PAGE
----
Charleston Half Marathon

Today’s race was a totally new experience for me because not only was it a trip to a place I had never been to before, it was a trip to run in an unfamiliar city with unfamiliar routes and unfamiliar faces. It was kinda weird to run a race without running into people I know from Hampton Roads Runners or dailymile or those I just seem to encounter at every single race I run at the beach.

The trip down to Charleston, SC was an adventure in itself with random traffic, vehicles that shouldn’t have anything strapped to their trunks but they did, a cop pulling over just to give me his number after we stopped to help push a guy out of a ditch, random jokes, many pitstops and wrong turns, and lots of mixed playlists.  It was definitely an enjoyable ride down… and unusual at that.

I was honestly not impressed with Charleston upon our arrival because of the smell that wreaked of sewage, which I was later told was from one of the many paper plants in the area. Besides that, the area where we went to get our packets for the race was a very nice high school surrounded by several condemned buildings. It makes absolutely no sense to me that this city has this HUGE football stadium for this high school that is really nice and then all of these ghetto looking, vacant homes and buildings surrounding the area.  If they are trying to re-brand the city in that particular area, wouldn’t they help the surrounding neighborhoods by the school, as well as, the school? Anyways, I am off on a tangent.

It’s been a stressful weekend for me with my dad being in the hospital, and me having to leave Murphy behind at the puppy hotel.  Somehow I have managed to keep it together to run the race today.  I slept horribly due to a late dinner (totally out of our control due to a restaurant being overbooked), and had an upset stomach when I got up early this morning. So, needless to say, I was not starting the day on the right foot.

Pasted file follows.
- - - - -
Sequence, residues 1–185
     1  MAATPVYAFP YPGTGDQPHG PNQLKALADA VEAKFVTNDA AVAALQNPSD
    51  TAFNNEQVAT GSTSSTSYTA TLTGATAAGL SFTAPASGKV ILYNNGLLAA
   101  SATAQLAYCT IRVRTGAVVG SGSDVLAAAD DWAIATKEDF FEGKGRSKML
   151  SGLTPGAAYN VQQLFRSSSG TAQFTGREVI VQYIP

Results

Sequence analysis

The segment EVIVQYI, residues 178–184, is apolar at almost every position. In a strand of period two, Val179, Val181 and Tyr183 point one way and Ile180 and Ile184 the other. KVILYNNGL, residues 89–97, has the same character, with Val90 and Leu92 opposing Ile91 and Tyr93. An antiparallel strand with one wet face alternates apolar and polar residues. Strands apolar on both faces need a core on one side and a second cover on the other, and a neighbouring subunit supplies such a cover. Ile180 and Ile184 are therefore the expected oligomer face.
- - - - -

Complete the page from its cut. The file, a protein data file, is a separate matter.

We made our way to the school by 7 am to get warmed up, stretched, and to use the bathroom a bajillion more times before the race started at 8 am. I have to say that I feel super spoiled by the races that J & A Racing puts on at the beach because of the organization, and how smoothly everything flows.  This race has a lot of room for improvement.  The race started promptly at 8 am, but there were no corrals. So imagine 5,012 people just going because they realized it was 8 am, and they were supposed to start. It seriously was like herding cattle through the little area to read our timers… I should’ve said, “Moo!” as we tried to pick it up to a jog as we made our way through! Lol!

We started the run on roads that bordered the water in Charleston, and there were some gorgeous views as we ran by this area. I was hoping that this is what we would see for most of the race, but we actually ventured further into the city the further we ran.  We didn’t smell the sewage/ paper smell again until a few miles in, but man was it pungent! I saw the mile markers for miles 1 and 2, and realized I was running about a 9:30 minute per mile pace.  I felt pretty good, but was still chilly since it was only 41 when we started, and the sun was just starting to rise. 

I didn’t see another mile marker until mile 7, and I just happened to glance at my watch and see that I had done 7 miles in 1:04.  This put me at about a 9:15 minute per mile pace, and I realized quickly that along the way I had picked it up some.  It made sense to me though because I honestly felt really good.  Between miles 1 and 7, we ran through this really cool area where the buildings had these beautiful glass and wood store fronts and we were running on bricks engraved with people’s names.  It had a quaint, small town kinda feel, and I was enjoying the views as I moved along.  Just before I left that area, one of my previously double-knotted shoelaces decided to come untied, and I had to stop to re-tie it. This probably took a good 30 seconds off my time, and I wasn’t risking it happening again, so I triple knotted my shoes!